Staff at one of Spain’s leading scientific establishments, the Institute for Mathematical Sciences (ICMAT), have been told to change offices and use alternative entrances after bullets and other projectiles shattered windows and slammed into the center's walls, allegedly fired from the nearby Madrid Olympic Shooting Federation firing range.
The two installations are just 800 meters apart within the Campus of Excellence of the Autonomous University of Madrid and the National Research Council (CSIC) in the northern outskirts of the capital.
The shooting federation denies that the bullets have been fired by its members, although the Civil Guard has temporarily closed down part of the facility as a “precautionary measure.”
One of these days there is going to be a tragedy Manuel de León, mathematician
“As some of you will know, the management has decided to take measures to avoid the risk of any possible impact from projectiles hitting the side of the building that faces the firing range,” said a statement issued to ICMAT staff on October 18, adding that some researchers were being moved to new offices.
The ICMAT is part of a larger establishment that includes the Center for Theoretical Physics and Mathematics (CFTMAT) and the Institute for Theoretical Physics, where a total of some 250 people work on a range of research projects. Among the leading scientists based there are Nobel Prize winners Simon Donaldson and Charles Fefferman, along with Spaniard Ignacio Cirac, a pioneer in the field of quantum computing.
Aside from training Spain’s Olympic marksmen and women, the firing range also offers Cowboy Action Shooting, where participants dress up as cowpokes and after freeing themselves from handcuffs are invited to let loose with replica Colt Peacemakers and other revolvers. The Madrid Shooting Federation also offers civil guards and police officers the opportunity to practice at the reduced price of €5 an hour.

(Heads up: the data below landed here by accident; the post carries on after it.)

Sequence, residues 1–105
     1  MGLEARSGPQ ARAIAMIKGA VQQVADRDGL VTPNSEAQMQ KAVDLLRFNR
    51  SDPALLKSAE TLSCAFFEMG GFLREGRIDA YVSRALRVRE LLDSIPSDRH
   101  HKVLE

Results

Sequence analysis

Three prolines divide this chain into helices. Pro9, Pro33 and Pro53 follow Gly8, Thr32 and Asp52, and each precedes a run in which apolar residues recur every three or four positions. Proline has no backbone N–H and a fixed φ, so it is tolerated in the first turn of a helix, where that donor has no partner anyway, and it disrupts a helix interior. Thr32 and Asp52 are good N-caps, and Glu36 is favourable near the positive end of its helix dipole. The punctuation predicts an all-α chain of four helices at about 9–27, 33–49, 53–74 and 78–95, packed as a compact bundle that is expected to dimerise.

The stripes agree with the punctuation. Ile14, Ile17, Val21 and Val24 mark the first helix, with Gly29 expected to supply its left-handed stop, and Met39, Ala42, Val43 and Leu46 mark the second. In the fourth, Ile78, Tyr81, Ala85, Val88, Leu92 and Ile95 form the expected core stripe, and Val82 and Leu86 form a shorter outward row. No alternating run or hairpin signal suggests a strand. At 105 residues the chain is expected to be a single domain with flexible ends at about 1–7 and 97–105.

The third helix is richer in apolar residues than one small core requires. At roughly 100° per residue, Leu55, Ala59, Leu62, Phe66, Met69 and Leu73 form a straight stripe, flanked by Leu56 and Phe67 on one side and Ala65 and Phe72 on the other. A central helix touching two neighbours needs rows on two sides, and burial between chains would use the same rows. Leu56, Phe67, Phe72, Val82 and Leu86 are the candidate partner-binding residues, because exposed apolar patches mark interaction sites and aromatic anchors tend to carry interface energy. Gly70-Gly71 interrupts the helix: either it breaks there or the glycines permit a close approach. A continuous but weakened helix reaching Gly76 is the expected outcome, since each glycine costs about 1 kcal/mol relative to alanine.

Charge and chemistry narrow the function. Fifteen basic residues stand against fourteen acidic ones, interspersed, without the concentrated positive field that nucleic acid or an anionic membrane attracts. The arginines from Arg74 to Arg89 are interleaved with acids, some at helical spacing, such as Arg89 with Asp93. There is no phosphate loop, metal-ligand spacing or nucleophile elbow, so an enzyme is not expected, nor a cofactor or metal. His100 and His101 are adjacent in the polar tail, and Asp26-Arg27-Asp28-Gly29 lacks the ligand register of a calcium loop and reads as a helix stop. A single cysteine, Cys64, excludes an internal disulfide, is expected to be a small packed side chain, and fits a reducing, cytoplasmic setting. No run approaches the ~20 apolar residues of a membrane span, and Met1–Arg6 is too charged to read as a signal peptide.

“We are very worried about the safety of personnel,” says a source at the science coucil CSIC. It has made seven complaints to the police and Civil Guard since September 2012, when a member of staff reported “the impact of a bullet on one of the windows of the ground floor, along with the projectile” to police. The police report into the incident added that a cleaning lady had found a bullet in a door, while a third was discovered by the vice dean of the center, also in a door.
In the latest incident, which took place in September, a window of one of the offices of the Institute of Theoretical Physics was shattered. Quantum physicist Germán Sierra, who was working in front of one of the windows, had to move to a different workspace.
The firing range trains private security guards, a lucrative revenue earner
“One of these days there is going to be a tragedy,” says Manuel de León, a mathematician at the center who says he has made numerous complaints about stray bullets. He has posted photographs on the social networks of handfuls of slugs he says he has found on the campus, among them 9mm parabellum, the type used by the Civil Guard and the Spanish police.
The Madrid Shooting Federation says that it has placed screens to prevent certain angles of fire in some of its ranges and asked for the installations to be fully reopened.
Andrés Martínez, president of the Madrid Shooting Federation, says he has carried out a 19-page “ballistic report” that he presented to the Civil Guard on November 17 in which he concludes that the bullets found at the ICMAT are not from the Madrid Olympic Shooting Federation.
He contends the whole affair is a conspiracy to undermine his presidency. On December 17, the federation’s more than 5,000 members will vote to elect a new head. The vote is a repeat of the 2012 elections, which were annulled after irregularities were presented by opponents of Martínez. “The bullets always appear in election years, in visible places. Somebody is planting them there to create problems and damage our reputation,” he insists.
Writing on a website he has set up in the run up to the elections, Martínez explains that the firing range is used during exams that armed private security guards must undergo, and that these can bring in income of up to €1 million over a 10-year period.
He said the projectiles that hit the Institute of Theoretical Physics in September were from a shotgun. “We are aware of poachers hunting wild boar in the area,” he explains.
Sources at the Civil Guard in the nearby Madrid dormitory town of Tres Cantos, which is overseeing the investigation begun in 2014, say the investigation is ongoing: “We still don’t have the ballistics results, because they take time and murders have priority.”
Meanwhile, the CSIC says a solution must be found, insisting: “We don’t care where the bullets are coming from, we want this to stop now.”
English version by Nick Lyne.